Tonight marks the 80th anniversary of a remarkable wartime story of courage, ingenuity and determination, when in 1941, a group of Polish Home Army parachutists, all volunteers, were dropped behind enemy lines into occupied Poland to begin the fight back for their homeland. Now English Heritage is calling for those with family connections to or memories of the Cichociemni at Audley End to share their stories.
This elite group of special operations paratroopers, trained in covert operations, sabotage and intelligence-gathering would go on to become the pride of the Polish Republic, and many undertook their final stage of training at Audley End House in Essex, now in the care of the charity. A memorial to the Cichociemni stands proudly in the grounds, commemorating their achievements and sacrifices.
A scrap of graffiti in the coal gallery candle store, torn labels in the cellar where guns and ammunition were stored, the remnants of a timetable in the former briefing room, nails in bedroom walls where pictures of home were hung and insulators for telephone wires still stuck in trunks of trees are the only visible signs that the Silent Unseen ever inhabited this Jacobean stately home, where 527 completed the rigorous final stage of training before deployment.
Arkady Rzegocki, Polish Ambassador to the UK, said: “The 80th anniversary of the first mission of the Silent Unseen – Cichociemni is an important date in the history of Poland, Polish special operations forces and Polish-British relations. On the night of 15-16 February 1941, the first group of Polish Home Army parachutists, who were all volunteers, were dropped into occupied Poland, the first such airdrop behind German lines, offering a glimmer of hope to the besieged homeland that help was coming. With skills they developed in such places as Audley End, home to the Polish section of the Special Operations Executive, Cichociemni landed under cover of darkness to support the fight against the enemy, becoming the pride of the Polish Republic. Their brave and heroic service inspired GROM, one of Poland’s premier special missions units, to adopt their name and continue their traditions. Let their name and sacrifice never be forgotten. Thank you to all who keep the memory of Cichociemni alive.”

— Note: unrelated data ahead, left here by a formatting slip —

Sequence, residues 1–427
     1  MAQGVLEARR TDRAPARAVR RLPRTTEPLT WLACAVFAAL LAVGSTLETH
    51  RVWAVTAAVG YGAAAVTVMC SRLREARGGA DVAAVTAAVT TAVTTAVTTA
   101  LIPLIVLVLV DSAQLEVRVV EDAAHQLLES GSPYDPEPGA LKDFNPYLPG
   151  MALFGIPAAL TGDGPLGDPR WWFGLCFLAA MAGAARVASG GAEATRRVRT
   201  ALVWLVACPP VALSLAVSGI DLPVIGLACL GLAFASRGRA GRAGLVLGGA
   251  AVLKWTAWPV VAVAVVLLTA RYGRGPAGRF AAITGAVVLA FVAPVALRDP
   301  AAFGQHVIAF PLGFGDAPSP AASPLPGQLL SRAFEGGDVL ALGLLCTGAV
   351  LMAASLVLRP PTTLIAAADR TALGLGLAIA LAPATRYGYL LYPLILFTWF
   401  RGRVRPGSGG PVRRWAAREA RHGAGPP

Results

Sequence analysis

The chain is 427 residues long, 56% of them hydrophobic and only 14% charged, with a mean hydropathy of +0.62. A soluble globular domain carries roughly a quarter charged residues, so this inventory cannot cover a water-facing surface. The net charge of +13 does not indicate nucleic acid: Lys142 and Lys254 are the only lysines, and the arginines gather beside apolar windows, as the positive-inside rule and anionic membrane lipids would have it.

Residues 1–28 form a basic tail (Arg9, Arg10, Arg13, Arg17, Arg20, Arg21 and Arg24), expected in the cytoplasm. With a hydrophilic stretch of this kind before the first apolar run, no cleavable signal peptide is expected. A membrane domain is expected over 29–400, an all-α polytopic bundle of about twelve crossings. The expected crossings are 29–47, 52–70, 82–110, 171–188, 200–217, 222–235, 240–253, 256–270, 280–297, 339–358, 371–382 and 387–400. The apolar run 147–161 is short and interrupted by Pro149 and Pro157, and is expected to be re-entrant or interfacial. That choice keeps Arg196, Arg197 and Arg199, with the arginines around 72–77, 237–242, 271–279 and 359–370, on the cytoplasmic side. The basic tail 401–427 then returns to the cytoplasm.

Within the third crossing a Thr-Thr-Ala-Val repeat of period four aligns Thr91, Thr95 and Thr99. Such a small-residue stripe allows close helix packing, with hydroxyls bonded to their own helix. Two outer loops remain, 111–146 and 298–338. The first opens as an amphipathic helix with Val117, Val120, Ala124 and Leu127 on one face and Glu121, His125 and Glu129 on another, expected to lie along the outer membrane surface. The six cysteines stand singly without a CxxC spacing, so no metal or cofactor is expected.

Andrew Hann, English Heritage Historian, said: “It is a privilege to play a small part as a caretaker of this incredible story where individuals acted so selflessly to risk everything in the defence of their homeland against Nazi occupation. We are honoured that Audley End has come to hold such as special place for Poles as the spiritual home of wartime resistance and we’re committed to helping share that story in the hope that the sacrifices of these extraordinary people go on to inspire future generations”.
He continues: “We’d love to hear from the public who have a connection or story to share about the Cichociemni at Audley. We’re particularly interested in hearing from those in the local area at the time, who may remember hearing bangs in the night, or seeing troops crossing fields in the darkness. Perhaps unsurprisingly, given that they were highly trained to be both ‘silent and unseen’ they left little obvious trace.”
About the Cichociemni:
2,613 Polish Army soldiers volunteered for special operations training during the war, but only 606 completed the rigorous training course, 527 of them at Audley End. Between 1941 and 1945, 316 Cichociemni were dropped into occupied Poland. 103 of these brave men and women gave their lives, killed in combat with the Germans or executed by the Gestapo. A further 9 were killed by the communists in Poland after the war.
Source: Polish Embassy Press Office